Viktor was sweating, and his glasses slipped down his nose slightly; he pushed them back with his middle finger. How he’d enjoyed playing football. Would have enjoyed. But since he wore glasses … ‘To understand what a person has become, I think it may also be very rewarding, very enlightening, to ask: who were his teachers? Who – “in broad words,”, as Mr. Preuß has just put it – were our teachers?’ He looked up the long table to the old teachers; they were grinning, were they seriously expecting something funny now? The lame jokes of the final year’s school magazine which no-one had wanted to write at the time, served up cold twenty-five years later? Viktor swallowed, lowered his gaze to his papers and read out, ‘Josef Berger, a member of the National Socialist German Workers’ Party, membership number 7 081 217. Eugen Buzek, NSDAP member No 1 010 912. Alfred Daim, NSDAP member No 5 210 619. Adelheid Fischer, a high-ranking leader in the League of German Girls, from 1939 leader of a Girls’ Circle, the Girls’ Circle was made up of five Girls’ Groups, each one comprised four Girls’ Troops, and each Girls’ Troop was made up of three Girls’ Units with fifteen members each. So she was in charge of almost a thousand girls in Vienna and …’ The shocked silence was so profound that he managed to list two more names and NSDAP membership numbers without anyone moving or saying anything. Finally he got to ‘Karl Neidhardt, a particularly interesting case, by the way. After the war had started he studied English, the language of the enemy – why did a fervent Nazi and would-be German study English? Well, for that very reason. Because his convictions were so strong. The Nazis needed particularly reliable people to listen in to the enemy, and Mr. Neidhardt was assigned to this task at the Reich Security Headquarters, in the rank of a senior lieutenant. Maybe some of you remember how our English teacher came into the classroom one day in 1965 to read out an obituary of Winston Churchill, who had just died. All the English teachers in Austria were obliged to do that at the time. It was an order from the Ministry of Education. So he read out this text, which praised Churchill for the part he had played in the liberation of Austria, but I can recall his expression even now; you could see he could barely restrain himself from shouting: ‘The swine is dead!’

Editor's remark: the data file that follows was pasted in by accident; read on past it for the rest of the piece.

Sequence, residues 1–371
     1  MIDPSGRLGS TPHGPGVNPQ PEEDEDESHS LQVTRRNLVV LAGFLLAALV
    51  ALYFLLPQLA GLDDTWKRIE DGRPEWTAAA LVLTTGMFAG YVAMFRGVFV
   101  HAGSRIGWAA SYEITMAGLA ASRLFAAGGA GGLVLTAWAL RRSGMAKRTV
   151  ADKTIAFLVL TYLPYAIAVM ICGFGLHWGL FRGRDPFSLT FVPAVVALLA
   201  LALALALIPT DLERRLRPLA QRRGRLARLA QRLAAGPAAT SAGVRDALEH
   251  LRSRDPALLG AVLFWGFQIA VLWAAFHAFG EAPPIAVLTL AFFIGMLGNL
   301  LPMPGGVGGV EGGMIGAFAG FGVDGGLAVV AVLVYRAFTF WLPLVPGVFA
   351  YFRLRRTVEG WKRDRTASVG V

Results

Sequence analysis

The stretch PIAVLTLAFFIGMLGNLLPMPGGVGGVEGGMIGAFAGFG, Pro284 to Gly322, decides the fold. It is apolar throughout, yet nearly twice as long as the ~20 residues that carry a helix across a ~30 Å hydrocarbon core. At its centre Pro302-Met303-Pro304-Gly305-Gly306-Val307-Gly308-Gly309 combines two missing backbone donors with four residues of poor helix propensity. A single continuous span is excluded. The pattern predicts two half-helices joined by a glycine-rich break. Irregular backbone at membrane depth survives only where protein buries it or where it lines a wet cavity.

Suddenly there was a bang. A shot? A thunderclap? Viktor saw that Mr. Preuß must have leapt to his feet so abruptly that his chair had fallen over; Mr. Spazierer and Miss Rehak were standing too. ‘The swine is dead!’ said Viktor. ‘That was what he really wanted to yell…’ He had got an astoundingly long way, but now he clearly had only seconds left. So he followed up quickly with ‘Otto Preuß, NSDAP member number…’
‘Get out! That’s enough!’ yelled the Headmaster at a volume that blanked out every sound in this inner room, every further word from Viktor, the scraping of chairs, the former teachers and pupils’ first outraged utterances, the clearing of throats, even breathing itself. And now, into this dense silence, he yelled again, ‘That’s enough! Have you gone mad?’ He snorted, standing rigidly erect, his arms at his sides, rocked back and forth on the balls of his feet, groped for words, and finally got out: ‘You can’t expect me to stay any longer.’ Kicking aside the chair that had toppled over, he stormed out, followed by the teachers, red-faced, their expressions frozen, looking neither right nor left.
Excerpted from Robert Menasse, Die Vertreibung aus der Hölle. Suhrkamp Verlag, Frankfurt am Main and Berlin, 2003 and 2017.